Municipalities located within national parks are subject to unique development constraints. The federal National Parks Act and provincial Parks Towns Act enable agreements between the federal and provincial governments for incorporation of towns within national parks. Once incorporated, park towns are treated like ordinary towns under the Municipal Government Act with some differences.
In early 1990, Canada and Alberta entered into the Town of Banff Incorporation Agreement under which the federal government retained ultimate authority for development and planning in Banff. The Incorporation Agreement required the municipality to prepare a land use bylaw (like any other municipality in Alberta) which would not be effective until approved by the Minister. The Minister created a Management Plan for Banff National Park which provided an overall framework for development in Banff. The Incorporation Agreement provided that the terms of the Management Plan were to prevail in all planning decisions including “any bylaw passed… and every action taken or decision made pursuant to such plan or by-law.”
The Alberta Court of Appeal in Canada (Attorney General) v. Banff (Development Appeal Board), 2013 ABCA 127 dealt with the relative priorities of the Banff land use bylaw which had been approved by the Minister and the Management Plan also approved by the Minister.
Bow Valley Credit Union owned land zoned as a Public Service district under the Banff land use bylaw. A discretionary use for that zone was “professional, financial, health and office services.” Bow Valley applied for and received a 5-year development permit to sublet part of its premises to a law firm, on the basis that this use fell within “professional… services.” The Attorney General of Canada unsuccessfully appealed the issuance of the development permit to the law firm on the basis that the Public Service district contemplated operations of a community service nature and not stand-alone commercial operations.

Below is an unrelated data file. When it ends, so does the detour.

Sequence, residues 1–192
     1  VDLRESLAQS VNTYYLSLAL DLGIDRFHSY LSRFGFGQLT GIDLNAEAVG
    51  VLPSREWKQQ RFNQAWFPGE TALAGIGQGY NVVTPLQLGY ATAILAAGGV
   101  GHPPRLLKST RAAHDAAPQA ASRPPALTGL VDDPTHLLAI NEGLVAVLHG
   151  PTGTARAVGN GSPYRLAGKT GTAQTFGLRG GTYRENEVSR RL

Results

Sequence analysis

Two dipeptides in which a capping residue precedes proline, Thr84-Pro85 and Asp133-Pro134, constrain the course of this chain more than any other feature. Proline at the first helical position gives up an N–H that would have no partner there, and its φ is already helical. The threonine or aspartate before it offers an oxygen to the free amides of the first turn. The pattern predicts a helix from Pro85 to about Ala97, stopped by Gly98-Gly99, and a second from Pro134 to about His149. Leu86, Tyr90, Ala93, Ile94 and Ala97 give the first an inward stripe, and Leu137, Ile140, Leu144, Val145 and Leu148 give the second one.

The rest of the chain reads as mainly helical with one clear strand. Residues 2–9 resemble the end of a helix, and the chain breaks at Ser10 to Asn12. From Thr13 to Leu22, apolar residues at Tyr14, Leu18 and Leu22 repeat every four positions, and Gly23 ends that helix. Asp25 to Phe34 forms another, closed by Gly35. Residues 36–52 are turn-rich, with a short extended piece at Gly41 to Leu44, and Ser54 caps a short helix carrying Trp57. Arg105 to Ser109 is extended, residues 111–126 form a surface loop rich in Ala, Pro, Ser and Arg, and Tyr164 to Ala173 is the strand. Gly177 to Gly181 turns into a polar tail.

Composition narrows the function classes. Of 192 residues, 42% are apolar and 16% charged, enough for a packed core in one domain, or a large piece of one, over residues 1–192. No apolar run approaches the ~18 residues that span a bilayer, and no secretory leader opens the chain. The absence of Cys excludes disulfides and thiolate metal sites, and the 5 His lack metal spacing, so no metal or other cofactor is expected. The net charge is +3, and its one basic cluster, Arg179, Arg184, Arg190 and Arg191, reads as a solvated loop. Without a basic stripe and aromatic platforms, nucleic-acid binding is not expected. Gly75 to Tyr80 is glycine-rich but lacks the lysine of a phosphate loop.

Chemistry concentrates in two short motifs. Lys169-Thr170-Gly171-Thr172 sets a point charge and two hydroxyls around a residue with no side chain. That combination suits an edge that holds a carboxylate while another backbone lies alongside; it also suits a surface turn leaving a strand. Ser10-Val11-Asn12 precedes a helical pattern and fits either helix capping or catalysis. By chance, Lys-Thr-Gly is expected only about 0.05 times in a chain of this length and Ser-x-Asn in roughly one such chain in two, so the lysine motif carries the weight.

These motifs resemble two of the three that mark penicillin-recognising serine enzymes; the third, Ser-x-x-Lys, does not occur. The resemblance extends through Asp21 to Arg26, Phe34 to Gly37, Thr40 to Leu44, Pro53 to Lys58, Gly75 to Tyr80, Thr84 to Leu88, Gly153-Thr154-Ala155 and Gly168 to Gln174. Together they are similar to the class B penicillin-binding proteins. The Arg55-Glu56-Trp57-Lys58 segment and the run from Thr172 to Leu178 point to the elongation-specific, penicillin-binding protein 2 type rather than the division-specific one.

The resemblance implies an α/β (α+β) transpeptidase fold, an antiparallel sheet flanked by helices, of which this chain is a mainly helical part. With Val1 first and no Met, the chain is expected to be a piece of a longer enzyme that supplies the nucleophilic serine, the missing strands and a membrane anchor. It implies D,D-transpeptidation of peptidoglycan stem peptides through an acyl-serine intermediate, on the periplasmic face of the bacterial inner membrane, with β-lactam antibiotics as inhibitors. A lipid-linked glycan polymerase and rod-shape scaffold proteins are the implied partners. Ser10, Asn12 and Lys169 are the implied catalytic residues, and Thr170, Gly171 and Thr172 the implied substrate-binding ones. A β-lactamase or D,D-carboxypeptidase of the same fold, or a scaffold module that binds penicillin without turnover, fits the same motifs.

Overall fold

The Minister subsequently approved a new Management Plan which mandated that use of lands in the Public Service district be restricted to “non-commercial uses.” Bow Valley Credit Union then applied for a new permit to allow the law firm to remain in the premises. The municipality approved the permit and the Attorney General of Canada again unsuccessfully appealed to the Development Appeal Board. The issue went to the Court of Appeal on judicial review.
The Development Appeal Board did not deal with whether or not the Management Plan approved by the Minister trumped the municipal land use bylaw that had previously also been approved by the Minister. Specifically, the Board did not consider the section in the Incorporation Agreement that provided that the terms of the Management Agreement would prevail over “any bylaw passed… and every action taken or decision made pursuant to such plan or by-law.” The Board simply found that the use fell within those uses mandated under the land use bylaw for the district and as such issued the development permit.
The court came to the unanimous conclusion that the Incorporation Agreement clearly provided that the Management Plan would govern. The fact that the land use bylaw had previously been approved by the Minister did not mean that the Minister was not able to subsequently change the Management Plan in a way that was inconsistent with the land use bylaw. If this was not the intention, there would have been no need to provide for Management Plan priority in the first place. It is therefore perfectly possible for a decision to be consistent with the land use bylaw while being inconsistent with the Management Plan. In such cases the Management Plan will win out.
The take-away: when applying for anything under a land use bylaw in a national park town (for example a development permit), first check to see if the decision you seek is consistent with the Management Plan. Just because something is permitted or consistent under the land use bylaw does not mean it is permitted or consistent with the Management Plan.